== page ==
Mentions: Furthermore, it had been shown that activation of the RNAi machinery does not necessarily trigger antiviral responses, and siRNA-transfected cells can remain susceptible for subsequent PV infection (Gitlin et al, 2002). Nonetheless, to avoid innate cellular immune responses that could impair PV infection (e.g., Ida-Hosonuma et al, 2005), we first screened different Tpr siRNAs for high knockdown efficiencies without off-target effects unrelated to Tpr deficiency (data not shown). Several pre-selected siRNAs, complementary to non-overlapping ORF segments of the Tpr mRNA, caused a clear knockdown of Tpr protein levels at day 4 after transfection (Figure 5A). The mean intensities of residual Tpr staining in the transfected cells could be as low as 4–6% as determined by IFM, whereas residual Tpr levels in immunoblots of total cell extracts commonly ranged between 10% and less than 20% (Figure 5B). TEM of such cell populations allowed sporadic detection of perpendicularly sectioned NPCs that were juxtaposed to heterochromatic or nucleolar material but now mostly lacked distinct exclusion zones. This indicated that Tpr might at least play a role in the establishment of the few HEZs seen in non-infected HeLa cells. By contrast, even though correspondingly positioned NPCs were similarly sparse in simultaneous controls, they were still characterized by distinct HEZs (Figure 5C; see also Supplementary Text to Figure 5, and Supplementary Figure S6).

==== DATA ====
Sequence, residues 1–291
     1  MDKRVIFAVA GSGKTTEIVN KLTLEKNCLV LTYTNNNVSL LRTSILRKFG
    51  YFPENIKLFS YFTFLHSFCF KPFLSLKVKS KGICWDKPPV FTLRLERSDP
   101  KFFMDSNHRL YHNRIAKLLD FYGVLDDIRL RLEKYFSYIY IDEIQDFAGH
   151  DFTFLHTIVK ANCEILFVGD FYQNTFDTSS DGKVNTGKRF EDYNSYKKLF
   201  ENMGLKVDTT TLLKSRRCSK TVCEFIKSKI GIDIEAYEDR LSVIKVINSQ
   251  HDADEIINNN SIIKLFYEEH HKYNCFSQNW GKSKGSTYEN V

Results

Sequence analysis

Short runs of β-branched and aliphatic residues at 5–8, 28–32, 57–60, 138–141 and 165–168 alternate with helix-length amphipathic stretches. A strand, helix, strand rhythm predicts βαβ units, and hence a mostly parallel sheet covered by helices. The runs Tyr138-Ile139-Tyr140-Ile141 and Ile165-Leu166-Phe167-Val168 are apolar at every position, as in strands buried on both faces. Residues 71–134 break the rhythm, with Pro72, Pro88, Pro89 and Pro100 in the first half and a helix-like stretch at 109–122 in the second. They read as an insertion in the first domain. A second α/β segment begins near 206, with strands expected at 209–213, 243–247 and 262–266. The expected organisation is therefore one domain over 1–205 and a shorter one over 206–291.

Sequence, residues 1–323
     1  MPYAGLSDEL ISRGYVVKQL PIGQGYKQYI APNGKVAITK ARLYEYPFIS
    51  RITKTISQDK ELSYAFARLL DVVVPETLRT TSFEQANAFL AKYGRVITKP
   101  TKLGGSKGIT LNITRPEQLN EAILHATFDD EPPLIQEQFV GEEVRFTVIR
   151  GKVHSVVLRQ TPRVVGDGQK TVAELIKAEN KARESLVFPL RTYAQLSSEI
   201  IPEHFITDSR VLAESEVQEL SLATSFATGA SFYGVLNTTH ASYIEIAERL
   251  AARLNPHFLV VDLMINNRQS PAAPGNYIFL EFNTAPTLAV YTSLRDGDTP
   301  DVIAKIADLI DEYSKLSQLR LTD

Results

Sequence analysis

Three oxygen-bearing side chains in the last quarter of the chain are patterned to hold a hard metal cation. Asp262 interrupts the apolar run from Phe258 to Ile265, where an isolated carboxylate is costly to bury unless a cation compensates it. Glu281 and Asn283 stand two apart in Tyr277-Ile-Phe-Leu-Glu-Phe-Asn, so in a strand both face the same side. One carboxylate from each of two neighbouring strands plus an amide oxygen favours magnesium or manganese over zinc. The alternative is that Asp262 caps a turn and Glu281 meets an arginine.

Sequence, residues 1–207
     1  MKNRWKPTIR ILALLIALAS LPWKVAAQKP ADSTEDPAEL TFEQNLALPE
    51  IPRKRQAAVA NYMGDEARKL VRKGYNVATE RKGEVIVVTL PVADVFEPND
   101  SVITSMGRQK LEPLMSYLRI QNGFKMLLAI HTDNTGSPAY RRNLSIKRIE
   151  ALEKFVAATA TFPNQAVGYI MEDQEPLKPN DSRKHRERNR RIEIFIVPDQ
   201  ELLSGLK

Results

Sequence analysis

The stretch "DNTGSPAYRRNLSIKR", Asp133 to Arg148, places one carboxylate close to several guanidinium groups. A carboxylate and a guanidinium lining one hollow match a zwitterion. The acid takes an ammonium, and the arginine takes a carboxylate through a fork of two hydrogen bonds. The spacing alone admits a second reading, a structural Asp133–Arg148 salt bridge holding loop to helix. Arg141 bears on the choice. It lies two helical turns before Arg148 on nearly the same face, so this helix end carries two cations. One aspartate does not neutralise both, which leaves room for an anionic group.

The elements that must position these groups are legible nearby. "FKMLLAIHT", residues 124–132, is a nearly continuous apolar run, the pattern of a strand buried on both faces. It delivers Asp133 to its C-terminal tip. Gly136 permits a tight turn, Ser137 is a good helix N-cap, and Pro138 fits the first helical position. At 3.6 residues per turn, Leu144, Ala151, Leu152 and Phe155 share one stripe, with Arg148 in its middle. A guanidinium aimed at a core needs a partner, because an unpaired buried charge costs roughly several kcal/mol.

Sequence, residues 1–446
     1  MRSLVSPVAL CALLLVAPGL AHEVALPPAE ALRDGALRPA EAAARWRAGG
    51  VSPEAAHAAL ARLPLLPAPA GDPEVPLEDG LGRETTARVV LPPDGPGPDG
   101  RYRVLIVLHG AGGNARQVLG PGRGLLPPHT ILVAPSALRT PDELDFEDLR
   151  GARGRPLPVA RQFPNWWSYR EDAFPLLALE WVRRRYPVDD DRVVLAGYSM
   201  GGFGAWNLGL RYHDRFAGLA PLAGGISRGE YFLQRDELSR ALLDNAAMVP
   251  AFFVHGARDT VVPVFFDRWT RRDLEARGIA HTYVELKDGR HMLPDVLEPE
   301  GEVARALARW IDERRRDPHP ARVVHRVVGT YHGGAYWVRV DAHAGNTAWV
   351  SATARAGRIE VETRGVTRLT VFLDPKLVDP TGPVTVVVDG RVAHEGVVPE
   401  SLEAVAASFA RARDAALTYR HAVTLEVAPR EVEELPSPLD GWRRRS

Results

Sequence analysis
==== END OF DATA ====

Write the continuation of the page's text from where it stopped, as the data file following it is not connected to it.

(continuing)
Bottom Line: HEZ occurrence depended on the NPC-associated protein Tpr and its large coiled coil-forming domain.RNAi-mediated loss of Tpr allowed condensing chromatin to occur all along the NE's nuclear surface, resulting in HEZs no longer being established and NPCs covered by heterochromatin.These results assign a central function to Tpr as a determinant of perinuclear organization, with a direct role in forming a morphologically distinct nuclear sub-compartment and delimiting heterochromatin distribution.